Ben making progressWhen you make the decision to pursue financial independence through work, you may find that you go through several phases, or stages, on the path to work. Learn more about some of the basic phases to discover what you may be thinking about or doing – and how Social Security's Ticket to Work program may offer the support and services you need.

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Where Are You on the Path to Work?

Feb 5, 2019

Ben in front of a sign reading: making progressSocial Security's Ticket to Work (Ticket) program supports career development for adults ages 18 through 64 who receive Social Security disability benefits (SSDI/SSI) and want to work. Through this free and voluntary program, eligible people with disabilities can receive supports and services to help them find and maintain work as they pursue financial independence.

While everyone's path to work and financial independence is different, you may find yourself in one of 4 general phases. Find out what each phase typically includes and how a Ticket program service provider may be able to help you.

Phase 1: Ticket to Work

What you may be doing during Phase 1: Deciding if work is right for you. This includes thinking about how work and earned income will affect your benefits.

How Ticket to Work may help: Only you can choose if work is right for you, but a Ticket program service provider that offers benefits counseling may help you better understand the effects of working and earned income on your benefits. They can also show you how Social Security Work Incentives can serve as a safety net and allow you to continue receiving Medicare or Medicaid and, in some cases, cash payments as you transition to the workplace.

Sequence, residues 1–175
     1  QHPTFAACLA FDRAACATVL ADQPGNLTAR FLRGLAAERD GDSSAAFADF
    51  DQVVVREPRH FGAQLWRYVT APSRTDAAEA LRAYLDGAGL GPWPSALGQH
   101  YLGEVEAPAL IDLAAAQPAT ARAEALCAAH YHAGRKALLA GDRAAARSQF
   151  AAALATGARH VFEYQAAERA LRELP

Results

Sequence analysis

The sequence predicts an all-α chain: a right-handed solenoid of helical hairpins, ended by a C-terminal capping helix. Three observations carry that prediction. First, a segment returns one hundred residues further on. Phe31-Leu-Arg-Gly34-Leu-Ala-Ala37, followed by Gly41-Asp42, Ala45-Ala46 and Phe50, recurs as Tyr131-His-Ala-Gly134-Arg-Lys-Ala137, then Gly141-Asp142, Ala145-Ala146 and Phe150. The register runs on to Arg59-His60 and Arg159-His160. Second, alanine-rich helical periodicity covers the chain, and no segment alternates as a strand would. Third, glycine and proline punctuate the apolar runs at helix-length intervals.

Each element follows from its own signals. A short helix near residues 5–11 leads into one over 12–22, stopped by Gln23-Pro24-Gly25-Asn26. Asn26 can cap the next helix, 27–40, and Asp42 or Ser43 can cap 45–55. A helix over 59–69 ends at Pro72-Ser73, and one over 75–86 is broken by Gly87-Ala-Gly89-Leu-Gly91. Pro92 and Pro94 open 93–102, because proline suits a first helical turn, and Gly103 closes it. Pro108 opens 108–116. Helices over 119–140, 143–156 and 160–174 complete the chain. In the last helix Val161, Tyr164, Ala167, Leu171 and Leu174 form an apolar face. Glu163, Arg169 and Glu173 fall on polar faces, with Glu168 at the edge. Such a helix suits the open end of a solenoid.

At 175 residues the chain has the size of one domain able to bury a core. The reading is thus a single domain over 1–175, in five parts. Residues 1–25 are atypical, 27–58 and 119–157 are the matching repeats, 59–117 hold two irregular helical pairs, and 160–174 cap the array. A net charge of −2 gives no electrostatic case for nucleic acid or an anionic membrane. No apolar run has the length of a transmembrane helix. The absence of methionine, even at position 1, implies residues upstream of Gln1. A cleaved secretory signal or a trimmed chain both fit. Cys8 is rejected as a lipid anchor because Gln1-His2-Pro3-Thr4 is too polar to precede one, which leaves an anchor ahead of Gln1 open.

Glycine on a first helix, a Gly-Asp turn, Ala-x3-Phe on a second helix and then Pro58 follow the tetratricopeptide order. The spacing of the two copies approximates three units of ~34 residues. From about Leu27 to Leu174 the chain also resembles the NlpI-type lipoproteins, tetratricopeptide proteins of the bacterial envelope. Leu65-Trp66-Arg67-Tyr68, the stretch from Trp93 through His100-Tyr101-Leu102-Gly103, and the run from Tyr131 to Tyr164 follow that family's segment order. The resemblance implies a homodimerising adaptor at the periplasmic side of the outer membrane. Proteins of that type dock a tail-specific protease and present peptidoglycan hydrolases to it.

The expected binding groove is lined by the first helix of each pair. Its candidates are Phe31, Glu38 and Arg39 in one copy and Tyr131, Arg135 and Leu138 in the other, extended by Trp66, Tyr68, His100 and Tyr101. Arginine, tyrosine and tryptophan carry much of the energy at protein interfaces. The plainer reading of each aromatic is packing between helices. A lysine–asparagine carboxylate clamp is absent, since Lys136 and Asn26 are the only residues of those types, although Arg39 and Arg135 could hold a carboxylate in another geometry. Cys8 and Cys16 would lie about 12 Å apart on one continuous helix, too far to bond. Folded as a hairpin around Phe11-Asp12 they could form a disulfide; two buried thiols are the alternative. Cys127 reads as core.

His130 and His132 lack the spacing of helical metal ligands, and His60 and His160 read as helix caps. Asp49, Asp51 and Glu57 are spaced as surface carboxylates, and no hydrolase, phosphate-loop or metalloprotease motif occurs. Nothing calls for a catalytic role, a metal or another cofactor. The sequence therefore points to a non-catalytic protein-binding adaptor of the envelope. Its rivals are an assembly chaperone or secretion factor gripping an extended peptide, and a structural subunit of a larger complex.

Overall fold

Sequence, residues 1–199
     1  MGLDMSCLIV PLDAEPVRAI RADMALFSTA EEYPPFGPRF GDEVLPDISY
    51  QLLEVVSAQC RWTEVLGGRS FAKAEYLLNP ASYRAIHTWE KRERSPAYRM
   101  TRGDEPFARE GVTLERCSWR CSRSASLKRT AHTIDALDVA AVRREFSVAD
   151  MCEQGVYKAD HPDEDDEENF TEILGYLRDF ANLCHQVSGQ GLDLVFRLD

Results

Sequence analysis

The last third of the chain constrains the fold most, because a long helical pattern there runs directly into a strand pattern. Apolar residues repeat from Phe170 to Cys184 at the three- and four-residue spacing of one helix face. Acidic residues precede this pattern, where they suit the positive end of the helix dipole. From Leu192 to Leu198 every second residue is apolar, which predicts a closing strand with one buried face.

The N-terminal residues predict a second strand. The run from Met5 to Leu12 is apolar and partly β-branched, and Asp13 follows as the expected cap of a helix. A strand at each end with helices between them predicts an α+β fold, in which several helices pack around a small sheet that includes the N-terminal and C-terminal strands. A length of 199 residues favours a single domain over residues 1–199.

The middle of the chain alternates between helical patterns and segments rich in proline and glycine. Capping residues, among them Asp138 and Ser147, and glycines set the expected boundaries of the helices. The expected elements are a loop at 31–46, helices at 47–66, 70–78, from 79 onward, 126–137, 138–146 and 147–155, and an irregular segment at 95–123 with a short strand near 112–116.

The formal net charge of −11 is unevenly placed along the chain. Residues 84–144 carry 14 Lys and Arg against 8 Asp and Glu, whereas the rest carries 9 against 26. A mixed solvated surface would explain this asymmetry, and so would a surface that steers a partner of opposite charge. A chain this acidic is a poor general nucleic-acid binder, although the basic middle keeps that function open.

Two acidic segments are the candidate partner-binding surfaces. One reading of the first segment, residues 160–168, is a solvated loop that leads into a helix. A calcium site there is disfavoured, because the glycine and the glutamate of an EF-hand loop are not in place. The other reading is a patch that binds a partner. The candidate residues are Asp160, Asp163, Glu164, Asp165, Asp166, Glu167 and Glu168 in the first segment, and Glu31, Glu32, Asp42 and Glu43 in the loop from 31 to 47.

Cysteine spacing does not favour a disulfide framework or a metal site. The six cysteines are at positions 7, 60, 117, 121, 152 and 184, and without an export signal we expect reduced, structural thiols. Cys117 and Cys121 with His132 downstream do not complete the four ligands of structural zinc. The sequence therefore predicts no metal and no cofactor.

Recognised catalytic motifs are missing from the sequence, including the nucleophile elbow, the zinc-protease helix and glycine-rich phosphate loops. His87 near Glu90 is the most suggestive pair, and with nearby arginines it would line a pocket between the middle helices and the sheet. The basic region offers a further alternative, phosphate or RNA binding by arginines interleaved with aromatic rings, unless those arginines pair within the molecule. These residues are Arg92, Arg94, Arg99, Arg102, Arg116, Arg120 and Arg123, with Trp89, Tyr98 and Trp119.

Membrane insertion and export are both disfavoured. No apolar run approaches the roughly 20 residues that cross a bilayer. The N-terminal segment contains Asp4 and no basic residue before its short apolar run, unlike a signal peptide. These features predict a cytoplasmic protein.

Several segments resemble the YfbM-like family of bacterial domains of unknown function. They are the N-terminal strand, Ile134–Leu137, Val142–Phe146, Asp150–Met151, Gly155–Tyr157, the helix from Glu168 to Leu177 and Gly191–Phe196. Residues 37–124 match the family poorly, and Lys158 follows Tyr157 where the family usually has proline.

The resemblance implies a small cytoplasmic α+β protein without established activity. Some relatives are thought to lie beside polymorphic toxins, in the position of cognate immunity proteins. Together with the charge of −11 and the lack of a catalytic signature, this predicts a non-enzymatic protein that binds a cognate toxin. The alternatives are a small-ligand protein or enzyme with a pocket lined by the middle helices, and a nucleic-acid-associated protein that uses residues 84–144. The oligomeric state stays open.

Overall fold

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Phase 2: Ready to Work

What you may be doing during Phase 2: Identifying your goals. This is the time to start thinking about the types of jobs that interest you and matching them to the experience and skills that you have. Working with a Ticket program service provider will offer you free services to support your goals.

How the Ticket program may help: Your service provider will work with you to develop an Individual Work Plan (IWP) that serves as a roadmap to success in employment. They'll help you identify your work goals, as well as the specific supports and services they'll provide to help you reach them.

Training and Education

Everyone’s path to work may be different. If you are pursuing your work goals and need supports and services to obtain the training or education for your career goal, the Ticket program may be able to help.

Certain Social Security Work Incentives, like the Plan to Achieve Self-Support (PASS) or the Student-Earned Income Expense (SEIE), may allow you to set aside some earned income or deduct a portion of  your earned income as you gain the training and education you need.

If you’re working with your State VR agency, they may also be able to help you connect with opportunities to gain the training, skills and knowledge you need to reach your work goals.